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What would happen if the commies actually had influence in the everyday affairs of the current administration. No, seriously. As profligate as the last two Admins have been, I do not think they have crossed this line, at least not yet. Let’s address one of the points made in that “article.”

Myth #1: The government should balance its books like a private household.
Reality: Our federal government is the issuer of the currency, which makes its budget fundamentally different than the average citizen’s.
Discussion of government budget deficits often begins with an analogy to a household’s budget. People say: “No household can continually spend more than its income, and neither can the federal government”. But there are big differences between a household and the federal government. You don’t have the ability to print money in your living room, do you? Well, the government does. So how it finances its own debt and spending is different from the way you do.

A government is the issuer of the currency. The household, on the other hand, is the user. Households are restricted by the need to somehow get money into their bank accounts, or their checks will bounce. The federal government, by contrast, doesn’t “have” or “not have” dollars. There is no vault or lock box where it “keeps” its money. In fact, it makes all of its payments simply by electronically crediting private bank accounts and there is no practical limit to which it can change those numbers up. Spending by the federal government always creates new money in the system, while taxation destroys it. When households and firms pay taxes, the money does not go anywhere; the government simply debits those private bank accounts by electronically reducing the amount of reserves they hold, i.e., by changing the numbers in those bank accounts down.

Government is constrained only by the inflation it can create by over-spending, but its ability to spend is numerically unlimited. Households are constrained by their ability to get dollars from some form income and from borrowing, and both of those have real limits.

~Pavlina R. Tcherneva, Assistant Professor, Franklin and Marshall College

Well, take Franklin and Marshall off the list of schools my kid will be thinking about attending. Now, I’m not of the belief that government needs to balance its books – that is nonsense. Lots of time, debt makes sense. Particularly if you expect to be richer in the future (that would have been unthinkable for generations living 200 years ago, hence less debt back then (at least one reason)), then incurring debt today can very well be prudent. What I do have a problem with is running a balanced budget while spending 50% of GDP on government. That is not only a serious violation of my property rights (as if small violations are any less of a violation) but it is a serious drain on economic growth. I’d much favor a world where we ran infinite budget deficits but that spending was only 5% of GDP. Our dear professor doesn’t say much about these differences.

But more to the point, what she is saying is that technically, the US can be Zimbabwe, so the issue of budget deficits is overblown. I don’t even need to say more than that, but let’s see exactly what kind of inflation we would have to deal with in order to “solve” our current debt “crisis.” By the way, if we solved it, that would just clean the slate for another spending orgy to be solved by our kids … so I am not entirely sure I favor solving any of the current problems either (sort of like learning that someone invented low-cal donuts, you may end up fatter in that world than in a world with high cal donuts).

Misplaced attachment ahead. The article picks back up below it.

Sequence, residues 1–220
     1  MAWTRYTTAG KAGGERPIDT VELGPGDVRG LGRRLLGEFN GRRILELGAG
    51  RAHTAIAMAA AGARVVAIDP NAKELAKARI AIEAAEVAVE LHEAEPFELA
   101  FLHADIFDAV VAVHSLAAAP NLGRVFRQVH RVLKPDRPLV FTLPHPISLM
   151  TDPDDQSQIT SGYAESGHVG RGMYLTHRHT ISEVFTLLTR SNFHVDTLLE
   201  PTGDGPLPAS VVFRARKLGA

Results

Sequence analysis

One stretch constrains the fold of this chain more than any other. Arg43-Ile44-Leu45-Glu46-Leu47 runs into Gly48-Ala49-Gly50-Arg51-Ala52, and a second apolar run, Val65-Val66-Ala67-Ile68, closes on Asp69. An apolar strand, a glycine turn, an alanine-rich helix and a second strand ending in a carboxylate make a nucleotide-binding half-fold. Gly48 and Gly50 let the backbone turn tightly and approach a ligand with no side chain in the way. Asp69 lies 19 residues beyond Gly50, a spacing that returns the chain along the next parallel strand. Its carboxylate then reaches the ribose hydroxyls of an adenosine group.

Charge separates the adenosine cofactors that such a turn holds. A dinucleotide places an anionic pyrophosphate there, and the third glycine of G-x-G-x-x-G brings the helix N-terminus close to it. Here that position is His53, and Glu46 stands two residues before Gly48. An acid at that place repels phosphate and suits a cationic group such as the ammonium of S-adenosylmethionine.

Anyway, regardless of your beliefs about whether the money market is in equilibrium or not, this equation, which is an identity, is a useful way to think about money market dynamics. Milton Friedman’s license plate in fact had it printed on it. What did it say?

MV = Py

That is known as the “Equation of Exchange.” All it is saying is that the amount of money in an economy is equal to a fraction of the amount of income in an economy. If people like to hold a large share of their income as money (as opposed to other financial or other assets), then the amount of money in circulation will be large as compared to the amount of goods and services produced in an entire year (V stands for “velocity” where velocity is a convoluted way to write the inverse of people’s interest in holding money balances as a share of their total income, so V would be low here). If people like to hold a small share of their income as money, then the amount of money in the economy would be small (V is large).

Now, let’s think about the implications of Dr. Tcherneva’s worldview. Right now, the U.S. government is expected to run annual deficits of $1.5 trillion. Let us examine the economics of this view from two perspectives. First, let us ask what would happen to inflation if the government turned into Greece and was unable to borrow any money to finance beyond its spending (that assumes we can still tax to the tune of $2.5 trillion per year, hardly a realistic assumption). As of this writing, M2 is about $8.5 trillion while M1 is about $1.7 trillion. The actual amount of purchasing media in the economy is likely somewhere in between. For argument’s sake, let’s call it $4 trillion.

If we write the equation of exchange in growth form, it becomes this:

The percentage change in M + the percentage change in V = The percentage change in P + the percentage change in Y

Rearranging and reinterpreting, you would see that:

The rate of inflation = the increase in the money supply + the change in people’s preferences for holding money – the real rate of economic growth (p = m + v – y)